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WESTMINSTER — Steve McNair delivered accurate spirals, including a well-timed strike to tight end Todd Heap for a first down on the opening play of training camp.
Prescott Burgess led with his shoulders and forearms as the rookie linebacker bashed new franchise running back Willis McGahee into the ground in a rude greeting to the Baltimore Ravens.
And veteran middle linebacker Ray Lewis plotted an ambitious road map as the Ravens held their first practice of the season Monday morning at McDaniel College. The defending AFC North champions hope to chart a course to Arizona, the site of Super Bowl XLII.
"It’s no secret," Lewis said after practice at Bair Stadium. "We’re not looking past any team, but the bottom line is Arizona for us. We’re not caring about anything else right now.
"Playoffs are cute, it’s great to make it there, but we don’t want to be sitting at home. I’ve been on both ends of the spectrum, and it doesn’t feel good. Our thing is right now. Arizona is definitely our destination."
Judging from first impressions, the Ravens appear to be on track so far. There weren’t many mistakes other than a few obvious cases of nerves as right guard Chris Chester jumped offsides and several receivers dropped passes.
"The whole team looked good, sharp, crisp," Ravens coach Brian Billick said. "They understood the tempo. It was an excellent start to camp."
There were a few clues for Billick that an attentive, aggressive team was ready for camp to commence during a Sunday team meeting after arriving in Westminster.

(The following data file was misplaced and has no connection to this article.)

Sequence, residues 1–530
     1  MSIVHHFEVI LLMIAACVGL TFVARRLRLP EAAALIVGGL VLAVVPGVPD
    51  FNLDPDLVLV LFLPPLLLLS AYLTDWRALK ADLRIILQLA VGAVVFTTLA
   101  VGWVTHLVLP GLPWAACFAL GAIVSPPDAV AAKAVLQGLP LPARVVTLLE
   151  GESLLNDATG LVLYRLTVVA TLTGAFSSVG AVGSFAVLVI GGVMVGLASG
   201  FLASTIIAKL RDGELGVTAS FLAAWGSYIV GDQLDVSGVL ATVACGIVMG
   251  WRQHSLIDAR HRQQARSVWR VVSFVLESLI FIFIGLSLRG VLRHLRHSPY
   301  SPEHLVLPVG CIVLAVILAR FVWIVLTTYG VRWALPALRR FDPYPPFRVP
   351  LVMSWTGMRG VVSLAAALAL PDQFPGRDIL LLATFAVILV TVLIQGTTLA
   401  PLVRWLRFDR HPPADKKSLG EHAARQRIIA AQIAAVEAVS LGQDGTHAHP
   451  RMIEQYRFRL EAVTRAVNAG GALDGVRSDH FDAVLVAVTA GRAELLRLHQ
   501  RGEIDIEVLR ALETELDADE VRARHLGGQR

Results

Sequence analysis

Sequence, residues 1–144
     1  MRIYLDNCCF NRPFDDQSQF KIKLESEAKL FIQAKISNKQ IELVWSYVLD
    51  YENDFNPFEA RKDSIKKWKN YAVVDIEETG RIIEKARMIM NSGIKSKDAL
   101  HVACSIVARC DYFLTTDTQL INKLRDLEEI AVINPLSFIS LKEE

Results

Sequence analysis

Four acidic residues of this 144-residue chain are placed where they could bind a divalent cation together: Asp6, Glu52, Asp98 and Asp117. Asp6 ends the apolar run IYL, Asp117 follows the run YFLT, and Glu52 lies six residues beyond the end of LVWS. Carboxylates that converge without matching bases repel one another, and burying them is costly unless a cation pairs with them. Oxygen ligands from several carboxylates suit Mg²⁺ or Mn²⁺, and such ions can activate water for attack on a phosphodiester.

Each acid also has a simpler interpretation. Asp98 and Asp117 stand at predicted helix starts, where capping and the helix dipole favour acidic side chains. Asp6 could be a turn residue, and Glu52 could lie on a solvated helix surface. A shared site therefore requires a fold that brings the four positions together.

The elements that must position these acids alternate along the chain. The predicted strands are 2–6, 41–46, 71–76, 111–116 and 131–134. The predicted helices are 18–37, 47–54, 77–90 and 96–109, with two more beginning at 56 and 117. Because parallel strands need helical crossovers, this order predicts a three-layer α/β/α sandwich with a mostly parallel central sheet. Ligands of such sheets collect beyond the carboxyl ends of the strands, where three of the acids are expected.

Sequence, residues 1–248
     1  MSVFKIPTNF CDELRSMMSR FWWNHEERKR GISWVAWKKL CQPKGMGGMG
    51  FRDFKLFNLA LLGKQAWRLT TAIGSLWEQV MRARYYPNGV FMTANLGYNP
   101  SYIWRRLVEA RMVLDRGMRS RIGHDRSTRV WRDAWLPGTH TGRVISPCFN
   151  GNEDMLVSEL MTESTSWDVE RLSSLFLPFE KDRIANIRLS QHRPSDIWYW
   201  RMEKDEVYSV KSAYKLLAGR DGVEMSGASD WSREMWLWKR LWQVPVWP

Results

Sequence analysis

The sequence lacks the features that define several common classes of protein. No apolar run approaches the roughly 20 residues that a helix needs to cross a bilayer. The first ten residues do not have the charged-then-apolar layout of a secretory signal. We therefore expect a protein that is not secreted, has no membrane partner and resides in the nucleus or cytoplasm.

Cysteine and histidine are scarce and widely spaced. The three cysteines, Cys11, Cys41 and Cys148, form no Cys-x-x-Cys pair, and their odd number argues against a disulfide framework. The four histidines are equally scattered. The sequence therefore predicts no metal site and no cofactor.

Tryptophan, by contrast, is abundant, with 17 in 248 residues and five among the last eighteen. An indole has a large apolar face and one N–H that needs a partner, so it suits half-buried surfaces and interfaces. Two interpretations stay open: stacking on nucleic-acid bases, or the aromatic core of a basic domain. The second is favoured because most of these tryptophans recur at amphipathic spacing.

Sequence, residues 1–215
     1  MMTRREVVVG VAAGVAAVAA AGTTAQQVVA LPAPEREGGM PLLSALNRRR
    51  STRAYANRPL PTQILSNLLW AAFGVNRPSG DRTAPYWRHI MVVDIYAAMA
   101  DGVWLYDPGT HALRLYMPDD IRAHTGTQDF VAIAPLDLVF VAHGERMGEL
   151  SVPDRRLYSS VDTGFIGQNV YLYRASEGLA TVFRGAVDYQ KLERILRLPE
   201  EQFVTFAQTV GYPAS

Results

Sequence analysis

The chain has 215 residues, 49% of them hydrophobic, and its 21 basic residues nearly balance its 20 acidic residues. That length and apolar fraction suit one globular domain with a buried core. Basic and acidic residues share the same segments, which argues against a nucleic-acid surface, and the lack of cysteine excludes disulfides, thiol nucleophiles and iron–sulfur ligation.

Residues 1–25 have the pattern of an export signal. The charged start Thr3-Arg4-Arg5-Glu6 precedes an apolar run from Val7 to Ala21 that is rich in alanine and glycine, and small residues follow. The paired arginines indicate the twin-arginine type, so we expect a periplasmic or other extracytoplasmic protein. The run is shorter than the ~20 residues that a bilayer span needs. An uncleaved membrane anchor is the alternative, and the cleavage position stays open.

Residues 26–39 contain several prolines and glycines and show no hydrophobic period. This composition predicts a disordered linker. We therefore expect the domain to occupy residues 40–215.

"I knew it last night," Billick said. "I threw a lot on them last night, and they were very focused, into it and it was a good sign to see."
Making a bid to conquer the playoff landscape to represent the AFC in the Super Bowl will test the Ravens on several levels. Baltimore has to contend with a first-place schedule after a franchise-record 13-3 campaign. The NFL’s top-ranked defense has to insert Jarret Johnson as All-Pro linebacker Adalius Thomas’ replacement.
Several competitions, including right guard, return specialist, fullback and center, must be settled. McGahee needs to be indoctrinated into an offense that hopes to become an equal partner in the Ravens’ pecking order.
And McNair has to emerge as a big-play quarterback in his second season in Baltimore.
"I feel comfortable, I’m not rushing like I was last year trying to get in and fit in with this offense," said McNair, who passed for 3,050 yards and 16 touchdowns last season. "I can go out there and relax and not think a lot. Last year, I was thinking a lot about whether I was doing the right things. Today, I know it and I know what I’m doing.
"We want to be one of the top offenses in the NFL. That’s what we’re shooting for."
For years, the Ravens have been a one-dimensional outfit that shut down opposing offenses with a stingy defense while trying to score just enough points to win. That philosophy is one they’re trying to change after improving to 17th in the NFL in total offense last season.